Congress can restrict the common law power of courts. Go look at the grantor trust statutes, which partially codify the assignment of income common law as applied to trusts. Notice the focus of those statutes is on control. Treasury can also restrict the power of courts. The Supreme Court, in National Cable & Telecommunications Association v. Brand X Internet Services, 545 U.S. 967 (2005), has said that even court decisions about statutory meaning may be constrained by agency regulations. And go look at the regulations on hedging transactions in Treas. Reg. 1.1221-2(a)(3) where Treasury claims exclusive power to define hedging transactions, seemingly preventing courts from exercising their otherwise common law power, power the Supreme Court had exercised in prior cases, such as Corn Products and Arkansas Best.

Judges Thornton and Holmes disagree about whether Congress has here restricted the common law power of courts. It will be interesting to see what the Ninth Circuit says, if the taxpayers take an appeal.

Bryan Camp, Legal Education, New Cases, Tax | Permalink


I am not sure that such a sharp distinction between civil and common law countries, in particular in the tax area, is warranted. Those interested in this question can find further discussion in my book Comparative Tax Law.

Posted by: Victor Thuronyi | Mar 12, 2018 10:17:56 AM

Victor is too modest! Anything he writes is worth reading. Here's a link to the first edition of his book (2003): The second edition (2016) is co-authored with Kim Brooks and Borbala Kolozs and available here:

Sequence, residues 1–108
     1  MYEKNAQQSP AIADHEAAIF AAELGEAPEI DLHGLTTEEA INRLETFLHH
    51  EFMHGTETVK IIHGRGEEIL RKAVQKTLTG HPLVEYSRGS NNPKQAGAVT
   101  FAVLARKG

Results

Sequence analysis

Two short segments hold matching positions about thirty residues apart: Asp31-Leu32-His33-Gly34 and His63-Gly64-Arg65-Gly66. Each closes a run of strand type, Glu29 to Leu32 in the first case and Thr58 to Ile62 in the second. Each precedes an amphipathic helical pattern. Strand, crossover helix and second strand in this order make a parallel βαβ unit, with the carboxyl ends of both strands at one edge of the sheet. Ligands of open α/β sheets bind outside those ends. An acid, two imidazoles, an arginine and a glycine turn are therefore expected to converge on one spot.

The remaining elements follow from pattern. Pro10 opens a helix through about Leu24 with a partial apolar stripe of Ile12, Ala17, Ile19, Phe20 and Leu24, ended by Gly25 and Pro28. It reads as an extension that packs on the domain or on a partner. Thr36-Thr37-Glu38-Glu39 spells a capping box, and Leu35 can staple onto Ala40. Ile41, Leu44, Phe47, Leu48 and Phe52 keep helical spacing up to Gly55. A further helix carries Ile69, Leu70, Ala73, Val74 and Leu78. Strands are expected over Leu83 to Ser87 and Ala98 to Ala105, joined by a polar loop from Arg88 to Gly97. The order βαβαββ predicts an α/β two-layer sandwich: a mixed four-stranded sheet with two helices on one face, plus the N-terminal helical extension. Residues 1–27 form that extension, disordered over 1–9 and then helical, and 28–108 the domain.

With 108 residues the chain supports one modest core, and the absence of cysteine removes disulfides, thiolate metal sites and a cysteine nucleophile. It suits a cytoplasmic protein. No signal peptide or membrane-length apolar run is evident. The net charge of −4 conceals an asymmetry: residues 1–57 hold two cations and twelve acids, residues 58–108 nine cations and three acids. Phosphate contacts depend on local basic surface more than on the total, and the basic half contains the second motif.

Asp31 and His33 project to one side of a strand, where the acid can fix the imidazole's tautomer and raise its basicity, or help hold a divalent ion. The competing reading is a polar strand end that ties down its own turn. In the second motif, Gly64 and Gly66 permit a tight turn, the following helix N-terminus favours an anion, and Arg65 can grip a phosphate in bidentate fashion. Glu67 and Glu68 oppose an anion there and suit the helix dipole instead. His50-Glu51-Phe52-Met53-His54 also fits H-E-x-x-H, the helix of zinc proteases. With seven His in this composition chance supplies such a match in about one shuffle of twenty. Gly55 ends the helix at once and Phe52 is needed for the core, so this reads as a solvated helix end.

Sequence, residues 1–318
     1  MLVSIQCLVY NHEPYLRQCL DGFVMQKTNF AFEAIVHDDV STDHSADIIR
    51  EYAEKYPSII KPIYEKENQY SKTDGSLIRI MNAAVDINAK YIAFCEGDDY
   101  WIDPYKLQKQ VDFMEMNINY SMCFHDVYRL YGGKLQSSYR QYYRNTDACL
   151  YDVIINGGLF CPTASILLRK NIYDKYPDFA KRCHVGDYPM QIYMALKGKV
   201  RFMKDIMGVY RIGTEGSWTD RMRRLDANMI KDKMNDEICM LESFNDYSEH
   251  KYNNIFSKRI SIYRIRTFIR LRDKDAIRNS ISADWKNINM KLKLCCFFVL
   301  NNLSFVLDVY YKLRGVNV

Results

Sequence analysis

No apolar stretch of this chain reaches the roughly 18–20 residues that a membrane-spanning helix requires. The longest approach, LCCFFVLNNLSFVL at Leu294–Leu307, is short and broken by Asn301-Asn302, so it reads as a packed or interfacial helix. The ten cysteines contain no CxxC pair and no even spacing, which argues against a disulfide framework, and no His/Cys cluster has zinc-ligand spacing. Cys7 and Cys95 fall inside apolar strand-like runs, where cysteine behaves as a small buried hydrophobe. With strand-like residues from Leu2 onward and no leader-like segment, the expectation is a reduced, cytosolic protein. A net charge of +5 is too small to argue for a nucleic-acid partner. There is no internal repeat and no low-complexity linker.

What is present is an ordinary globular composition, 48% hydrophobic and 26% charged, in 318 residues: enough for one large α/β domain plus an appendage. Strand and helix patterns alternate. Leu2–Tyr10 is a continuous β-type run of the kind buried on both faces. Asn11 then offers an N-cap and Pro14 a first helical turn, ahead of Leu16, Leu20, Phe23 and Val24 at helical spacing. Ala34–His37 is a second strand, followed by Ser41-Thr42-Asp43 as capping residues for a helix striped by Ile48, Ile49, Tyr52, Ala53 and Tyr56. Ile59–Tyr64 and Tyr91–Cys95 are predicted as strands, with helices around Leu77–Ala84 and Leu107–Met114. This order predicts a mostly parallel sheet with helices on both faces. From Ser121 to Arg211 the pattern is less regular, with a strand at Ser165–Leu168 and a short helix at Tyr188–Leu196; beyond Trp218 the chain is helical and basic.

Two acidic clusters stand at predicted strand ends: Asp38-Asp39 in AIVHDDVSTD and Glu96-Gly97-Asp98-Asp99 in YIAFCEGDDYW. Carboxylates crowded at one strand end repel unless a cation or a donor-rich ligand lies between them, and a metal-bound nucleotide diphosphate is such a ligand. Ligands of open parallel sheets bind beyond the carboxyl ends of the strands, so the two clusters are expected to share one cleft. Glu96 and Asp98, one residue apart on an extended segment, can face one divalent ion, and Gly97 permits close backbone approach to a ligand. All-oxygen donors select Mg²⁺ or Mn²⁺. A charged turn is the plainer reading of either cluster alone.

Posted by: Bryan Camp | Mar 12, 2018 10:24:30 AM

Thanks for this post, Bryan.

With the caveat that I only know the DISC regime and am assuming the FSC regime’s similarity, I think the dissent gets it right (although it is hyperbolic). Jasper Cummings’ analysis of the Summa case strikes me as on point: “If the exporter can shift export income to shareholders, it can shift export income to the shareholders’ kids. And if it can shift the income to the shareholders’ kids, it can shift the income to the shareholders’ IRA. And if to an IRA, why not a Roth IRA?” See . That article does note an argument it wishes the government made against DISCs, which resembles the majority’s position in Mazzei (trying out an assignment of income/tax ownership argument), but even it agrees the argument “is a stretch.”

The majority states that “the text of section 925 extends exceptions [from substance doctrines and transfer pricing], specifically, to a very narrow set of circumstances, i.e., (1) commission payments, sales, etc. that are (2) related to export sales in a very clearly defined way (3) between parties that are related (under the section 482 definition of a related party), one of which is a qualifying FSC.” But that should mean the dissent is right, as the issues of tax ownership, assignment of income, and transfer pricing are intimately bound up. That is, transfer pricing’s entire methodology is based on looking at the distribution of risk and upside potential among related parties in order to appropriately assign income to its true earner. And per Frank Lyon, tax ownership depends on exposure to risk and upside potential. Thus, by giving a formula-based replacement to the transfer pricing regime, the DISC/FSC regimes implicitly require a similar deemed allocation of risk and upside potential. This in turn must mean that conventional understandings of tax ownership must be replaced for purposes of FSCs/DISCs.